My dad once told me he used to dream about his dream job, working on the railroad in downtown Denver as a young man.
Dad never lost his love for trains. But he had a bad back and that meant he had to find other employment and was very successful raising a family as an electrician.
But I'll always remember he used to dream about being back in the rail yard.
I've had dreams about my first career, I'd guess you could say, in radio. Sometimes they're kind of weird and have some unpleasant slant to them. Probably due to too much spicy food late at night.
But I was a radio news director for several stations between Glenwood Springs and Grand Junction in my younger days. Until I got older, maybe smarter, the business changed and I moved on to newspapers.
I don't think I'd ever call any of my jobs in radio my dream job, but they were exciting for this young man.
This all came to mind the other day as I was talking to Cheryl Minter at The River 95.5 in their studios in the Taughenbaugh building. The station recently relocated its studio from Grand Junction to Rifle and she now hosts her morning show, local and live, from Rifle. She has some big plans for the station and how it can help make the Rifle community that much better.
I hope she and The River are successful. It's great to have another local voice, and I know radio can have a great impact on people.
As the guy who read the news each day on the radio, I knew folks wanted to know what was going on in their own communities. That was never more apparent than during several disasters.
I'll never forget all the phone calls we had when the Storm King Fire first blew up. We knew a few local volunteer firefighters had been up on the mountain when a lightning strike first started a single tree on fire. But we didn't know if any were there when winds blew it up several days later and overwhelmed 14 federal firefighters who lost their lives.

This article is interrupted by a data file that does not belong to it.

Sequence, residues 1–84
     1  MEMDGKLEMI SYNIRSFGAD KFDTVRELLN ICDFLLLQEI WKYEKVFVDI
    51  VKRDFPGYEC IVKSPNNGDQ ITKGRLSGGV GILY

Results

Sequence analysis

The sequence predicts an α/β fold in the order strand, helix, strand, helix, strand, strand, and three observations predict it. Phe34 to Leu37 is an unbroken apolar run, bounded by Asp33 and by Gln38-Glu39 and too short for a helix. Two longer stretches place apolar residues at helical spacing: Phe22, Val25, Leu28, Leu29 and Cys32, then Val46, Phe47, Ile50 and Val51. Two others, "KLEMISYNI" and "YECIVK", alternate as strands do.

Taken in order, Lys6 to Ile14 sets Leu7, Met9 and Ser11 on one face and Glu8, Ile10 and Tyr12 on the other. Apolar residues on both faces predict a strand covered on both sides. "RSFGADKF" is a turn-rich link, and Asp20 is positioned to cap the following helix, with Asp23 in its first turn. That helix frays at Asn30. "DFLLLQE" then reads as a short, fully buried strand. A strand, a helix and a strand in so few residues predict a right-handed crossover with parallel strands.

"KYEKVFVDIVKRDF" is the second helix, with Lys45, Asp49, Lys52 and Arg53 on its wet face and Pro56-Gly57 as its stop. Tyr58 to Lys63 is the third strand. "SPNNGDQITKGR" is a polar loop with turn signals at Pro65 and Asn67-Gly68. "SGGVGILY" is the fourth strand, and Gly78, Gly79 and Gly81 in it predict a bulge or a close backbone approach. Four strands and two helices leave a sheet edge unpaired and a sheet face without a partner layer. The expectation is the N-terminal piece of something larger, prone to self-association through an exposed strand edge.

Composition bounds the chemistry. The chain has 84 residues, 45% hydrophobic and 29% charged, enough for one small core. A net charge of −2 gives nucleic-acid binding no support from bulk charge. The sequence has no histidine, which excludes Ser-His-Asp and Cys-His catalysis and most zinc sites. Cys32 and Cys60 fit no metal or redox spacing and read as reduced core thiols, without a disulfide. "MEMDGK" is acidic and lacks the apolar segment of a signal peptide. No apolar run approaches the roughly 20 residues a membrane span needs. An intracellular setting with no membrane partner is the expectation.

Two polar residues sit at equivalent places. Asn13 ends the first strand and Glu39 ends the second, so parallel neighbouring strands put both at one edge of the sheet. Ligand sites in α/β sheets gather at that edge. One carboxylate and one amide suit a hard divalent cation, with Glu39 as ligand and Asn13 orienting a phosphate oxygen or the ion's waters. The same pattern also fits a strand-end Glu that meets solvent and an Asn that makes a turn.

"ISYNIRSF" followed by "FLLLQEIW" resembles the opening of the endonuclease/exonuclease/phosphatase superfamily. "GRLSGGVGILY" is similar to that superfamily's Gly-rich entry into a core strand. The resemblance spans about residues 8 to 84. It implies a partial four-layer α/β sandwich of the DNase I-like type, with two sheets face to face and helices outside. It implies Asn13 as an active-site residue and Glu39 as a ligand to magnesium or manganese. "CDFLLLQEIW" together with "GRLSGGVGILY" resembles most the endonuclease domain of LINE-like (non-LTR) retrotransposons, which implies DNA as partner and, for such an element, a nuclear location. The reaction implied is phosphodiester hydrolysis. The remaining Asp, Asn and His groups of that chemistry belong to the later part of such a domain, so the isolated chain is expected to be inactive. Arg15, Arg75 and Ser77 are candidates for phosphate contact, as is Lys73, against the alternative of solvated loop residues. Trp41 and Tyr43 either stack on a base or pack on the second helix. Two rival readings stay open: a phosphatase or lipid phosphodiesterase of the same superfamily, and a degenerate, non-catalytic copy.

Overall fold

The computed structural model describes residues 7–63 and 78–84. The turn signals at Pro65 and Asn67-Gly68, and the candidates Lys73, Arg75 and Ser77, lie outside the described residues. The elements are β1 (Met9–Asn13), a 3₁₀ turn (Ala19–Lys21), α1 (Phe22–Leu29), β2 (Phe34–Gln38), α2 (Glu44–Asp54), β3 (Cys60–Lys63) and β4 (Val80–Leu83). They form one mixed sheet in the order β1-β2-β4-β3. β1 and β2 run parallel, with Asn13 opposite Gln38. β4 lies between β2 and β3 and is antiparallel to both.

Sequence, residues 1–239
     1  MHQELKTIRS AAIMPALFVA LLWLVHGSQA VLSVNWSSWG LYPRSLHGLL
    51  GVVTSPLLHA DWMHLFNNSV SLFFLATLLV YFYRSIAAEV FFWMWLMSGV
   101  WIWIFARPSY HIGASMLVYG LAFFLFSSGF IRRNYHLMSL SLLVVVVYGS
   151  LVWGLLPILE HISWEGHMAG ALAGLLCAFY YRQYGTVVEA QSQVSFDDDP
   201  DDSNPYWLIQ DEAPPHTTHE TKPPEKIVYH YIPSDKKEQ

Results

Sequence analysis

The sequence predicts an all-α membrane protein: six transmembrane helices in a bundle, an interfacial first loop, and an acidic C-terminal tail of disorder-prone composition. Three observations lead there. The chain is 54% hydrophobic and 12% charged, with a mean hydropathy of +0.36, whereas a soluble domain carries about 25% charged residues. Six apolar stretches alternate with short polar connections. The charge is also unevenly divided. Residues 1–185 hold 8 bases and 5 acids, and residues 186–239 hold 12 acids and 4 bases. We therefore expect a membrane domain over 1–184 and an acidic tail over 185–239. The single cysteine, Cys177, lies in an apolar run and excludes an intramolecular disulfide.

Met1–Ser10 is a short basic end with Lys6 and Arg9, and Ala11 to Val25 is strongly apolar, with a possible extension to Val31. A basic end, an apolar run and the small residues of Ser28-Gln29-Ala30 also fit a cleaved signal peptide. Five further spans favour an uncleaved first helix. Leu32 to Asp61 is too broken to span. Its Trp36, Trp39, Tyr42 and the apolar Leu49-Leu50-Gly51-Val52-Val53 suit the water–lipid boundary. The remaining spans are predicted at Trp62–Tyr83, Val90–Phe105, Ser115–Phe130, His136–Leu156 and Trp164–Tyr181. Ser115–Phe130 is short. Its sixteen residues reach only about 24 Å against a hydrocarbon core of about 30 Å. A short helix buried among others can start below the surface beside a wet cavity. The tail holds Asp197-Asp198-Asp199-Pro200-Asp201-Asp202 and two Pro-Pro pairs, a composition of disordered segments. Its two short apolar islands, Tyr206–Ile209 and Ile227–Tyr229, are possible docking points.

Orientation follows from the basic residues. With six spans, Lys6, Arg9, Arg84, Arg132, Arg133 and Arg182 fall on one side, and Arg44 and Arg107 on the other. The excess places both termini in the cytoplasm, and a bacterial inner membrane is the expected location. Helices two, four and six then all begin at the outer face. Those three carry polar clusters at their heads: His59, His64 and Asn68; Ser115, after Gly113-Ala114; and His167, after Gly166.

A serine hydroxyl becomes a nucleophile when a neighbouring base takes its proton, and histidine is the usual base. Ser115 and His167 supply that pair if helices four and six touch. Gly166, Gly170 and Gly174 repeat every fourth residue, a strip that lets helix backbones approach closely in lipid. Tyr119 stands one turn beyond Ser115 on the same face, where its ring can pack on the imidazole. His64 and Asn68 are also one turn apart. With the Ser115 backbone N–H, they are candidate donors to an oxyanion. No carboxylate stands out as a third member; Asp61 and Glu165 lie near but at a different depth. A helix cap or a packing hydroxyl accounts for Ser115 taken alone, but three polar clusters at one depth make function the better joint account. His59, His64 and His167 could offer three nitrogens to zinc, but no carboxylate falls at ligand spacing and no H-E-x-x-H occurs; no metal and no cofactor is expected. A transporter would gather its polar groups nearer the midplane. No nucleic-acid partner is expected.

But at the time, folks wanted to know if their friend or neighbor who was a firefighter might have been caught. Radio was their first source and I think oftentimes still is when bad things happen. Even in this age of tweeting and texting.
Another thing that drew me to radio as a young man was - as Cheryl called it, too - a "theater of the mind" approach that stretches the imagination. To create a picture in someone's mind with just sounds and words. There's something invigorating about that process, as well as having a listener "see" something with their mind.
One thing I never got, though, was how advertising works on radio. I've always changed the station when an ad comes on. But it must work, radio stations everywhere are proof of that. Probably not many are getting their owners rich, but they're on the air.
And I think the good ones are involved in their local communities. I worked for several that did, and maybe still do, a great job of connecting. That's what I hope Cheryl Minter and The River can do now that they're here in Rifle.
Every community needs a voice, a source of information and entertainment. I definitely think the Citizen Telegram helps in that arena, but there's always room on the bus for more than one voice. Especially if it benefits the community.
So best of luck to Cheryl Minter, The River and Western Slope Communications.
While you've been around for years, it seems a good time to say welcome to Rifle.
Mike McKibbin is the editor of The Citizen Telegram.